Edible cannabis products have many different appearances and ingredients, including how much THC and CBD are in them. Most cannabis edibles look like regular food items such as candy and chocolate. 

The effects of eating cannabis can be very different from inhaling (smoking or vaporizing) cannabis, The effects of cannabis can be delayed up to 2 hours after eating an edible cannabis product. Eating too much THC can cause anxiety and panic, nausea and vomiting, and symptoms of psychosis or paranoia. Follow these guidelines to lower your risks if you choose to eat cannabis: 

  • Make sure to read the label carefully and understand the potency of the product. The label should also indicate the recommended serving size. 
  • Don’t mix with alcohol or other drugs as this can increase the risk of negative effects. 
  • Avoid driving or operating heavy machinery. It’s important to wait until the effects have worn off. 
  • Be aware that edibles can cause side effects such as dizziness, nausea, and anxiety. If you experience any negative effects, stop consuming the product and seek medical attention. 
  • Keep all cannabis products in child-resistant packaging and in a locked area. Keep it out of sight and reach from children and pets.  
  • Cannabis in food products is very dangerous to children. Children may mistake these products for regular food such as brownies and cookies and eat them.  
  • If a child eats cannabis, they can become very sick. Get medical help right away.  
  • If your child ingests cannabis, call the Ontario Poison Centre (1-800-268-9017) or 9-1-1 immediately.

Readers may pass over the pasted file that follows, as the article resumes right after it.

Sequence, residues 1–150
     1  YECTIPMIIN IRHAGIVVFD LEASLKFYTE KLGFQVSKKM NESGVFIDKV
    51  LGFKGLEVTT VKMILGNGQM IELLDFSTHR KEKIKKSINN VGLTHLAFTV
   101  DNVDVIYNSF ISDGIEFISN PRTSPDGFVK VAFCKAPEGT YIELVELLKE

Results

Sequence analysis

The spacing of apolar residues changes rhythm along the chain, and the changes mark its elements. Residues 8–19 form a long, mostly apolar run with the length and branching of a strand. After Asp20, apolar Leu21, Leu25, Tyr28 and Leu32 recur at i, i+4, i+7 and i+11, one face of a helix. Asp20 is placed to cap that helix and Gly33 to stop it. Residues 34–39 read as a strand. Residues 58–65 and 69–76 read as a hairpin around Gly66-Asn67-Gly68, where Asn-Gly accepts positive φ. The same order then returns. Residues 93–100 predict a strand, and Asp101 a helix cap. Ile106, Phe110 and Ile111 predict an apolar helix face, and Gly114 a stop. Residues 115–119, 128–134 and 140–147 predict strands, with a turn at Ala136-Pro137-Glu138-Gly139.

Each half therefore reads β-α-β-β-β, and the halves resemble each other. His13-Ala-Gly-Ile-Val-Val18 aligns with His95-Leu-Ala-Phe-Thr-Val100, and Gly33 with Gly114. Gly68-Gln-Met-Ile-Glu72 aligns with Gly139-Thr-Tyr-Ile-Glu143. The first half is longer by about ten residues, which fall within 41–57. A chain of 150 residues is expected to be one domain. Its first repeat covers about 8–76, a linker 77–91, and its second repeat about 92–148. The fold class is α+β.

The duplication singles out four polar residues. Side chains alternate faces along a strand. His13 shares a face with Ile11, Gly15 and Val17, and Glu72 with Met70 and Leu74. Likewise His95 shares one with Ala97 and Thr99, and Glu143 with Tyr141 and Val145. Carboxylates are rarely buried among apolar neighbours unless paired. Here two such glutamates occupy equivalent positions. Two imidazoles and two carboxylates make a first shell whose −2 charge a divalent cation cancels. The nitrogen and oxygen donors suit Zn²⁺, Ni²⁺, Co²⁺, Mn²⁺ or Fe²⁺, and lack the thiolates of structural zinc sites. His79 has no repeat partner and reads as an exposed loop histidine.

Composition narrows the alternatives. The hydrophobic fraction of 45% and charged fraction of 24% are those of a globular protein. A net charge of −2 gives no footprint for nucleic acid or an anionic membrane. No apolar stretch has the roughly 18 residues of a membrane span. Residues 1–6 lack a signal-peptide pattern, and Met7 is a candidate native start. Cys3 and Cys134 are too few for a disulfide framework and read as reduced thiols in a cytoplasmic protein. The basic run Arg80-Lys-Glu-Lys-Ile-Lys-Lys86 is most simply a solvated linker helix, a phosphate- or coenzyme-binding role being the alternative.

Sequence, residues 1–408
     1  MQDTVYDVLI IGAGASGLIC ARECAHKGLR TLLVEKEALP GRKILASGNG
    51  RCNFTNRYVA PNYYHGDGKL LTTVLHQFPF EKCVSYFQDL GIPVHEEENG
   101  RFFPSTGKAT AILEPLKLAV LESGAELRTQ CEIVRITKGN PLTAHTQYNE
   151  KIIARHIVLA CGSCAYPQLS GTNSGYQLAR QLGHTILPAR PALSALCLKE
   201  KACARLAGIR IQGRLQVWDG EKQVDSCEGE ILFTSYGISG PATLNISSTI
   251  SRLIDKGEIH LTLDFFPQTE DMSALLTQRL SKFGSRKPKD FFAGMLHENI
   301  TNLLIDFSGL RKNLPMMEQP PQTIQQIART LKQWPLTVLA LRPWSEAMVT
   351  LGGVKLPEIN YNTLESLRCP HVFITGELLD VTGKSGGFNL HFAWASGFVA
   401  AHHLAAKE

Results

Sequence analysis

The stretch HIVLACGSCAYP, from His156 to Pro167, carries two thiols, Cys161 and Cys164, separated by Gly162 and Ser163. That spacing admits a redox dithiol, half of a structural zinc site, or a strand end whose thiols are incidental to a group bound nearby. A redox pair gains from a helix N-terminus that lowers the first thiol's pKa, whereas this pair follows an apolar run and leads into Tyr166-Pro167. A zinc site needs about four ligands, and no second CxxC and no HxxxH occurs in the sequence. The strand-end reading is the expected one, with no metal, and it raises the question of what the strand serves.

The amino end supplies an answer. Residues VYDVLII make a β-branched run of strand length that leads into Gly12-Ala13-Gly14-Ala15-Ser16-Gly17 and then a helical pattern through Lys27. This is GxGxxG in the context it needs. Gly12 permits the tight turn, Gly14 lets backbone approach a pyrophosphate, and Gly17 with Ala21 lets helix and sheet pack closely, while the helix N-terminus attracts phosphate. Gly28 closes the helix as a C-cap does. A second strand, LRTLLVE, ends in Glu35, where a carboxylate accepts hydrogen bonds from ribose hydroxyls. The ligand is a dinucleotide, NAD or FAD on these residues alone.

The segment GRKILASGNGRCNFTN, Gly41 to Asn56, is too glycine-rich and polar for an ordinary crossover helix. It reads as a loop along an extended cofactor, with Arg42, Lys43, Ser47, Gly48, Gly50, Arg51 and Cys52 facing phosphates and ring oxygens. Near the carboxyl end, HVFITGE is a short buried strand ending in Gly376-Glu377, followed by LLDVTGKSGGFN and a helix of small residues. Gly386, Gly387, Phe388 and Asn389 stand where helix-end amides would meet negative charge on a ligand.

The Government of Canada has Federal Cannabis Laws, including the Cannabis Act that made cannabis a legal controlled substance in 2018. Each province or territory also has its own cannabis laws. Make sure you know Ontario’s Cannabis Laws to help keep you safer if you choose to use cannabis. 

Cannabis-impaired Driving

Driving while high is illegal and it increases your chances of being in a car crash. Cannabis use alters the skills you need to drive such as quick thinking, decision-making, reaction time, and concentration. Learn more about the Myths and Facts of Impaired Driving from the Ministry of Transportation. 

For more information about Cannabis visit: Cannabis in Canada - 

Youth and young adults under age 25 who use cannabis are at higher risk of effects on brain development and function that may become permanent. This is because the brain continues to develop until the age of 25 and the THC in cannabis affects the same areas in the brain that direct development. 

Young people who use cannabis are at higher risk of: 

  • mental illness (depression, anxiety, schizophrenia or other psychosis), 
  • addiction (Cannabis Use Disorder), 
  • problems with memory, thinking, learning, problem-solving skills, 
  • behavioral issues, 
  • difficulties with relationships at home, school or work, and
  • lung and respiratory problems from smoking cannabis. 

Young people who use cannabis may be tempted to use it with other substances such as alcohol, which intensifies the effects and can lead to more health risks and worsening judgment leading to reckless behavior (such as driving while impaired, having unprotected sex, or other risk-taking behaviors).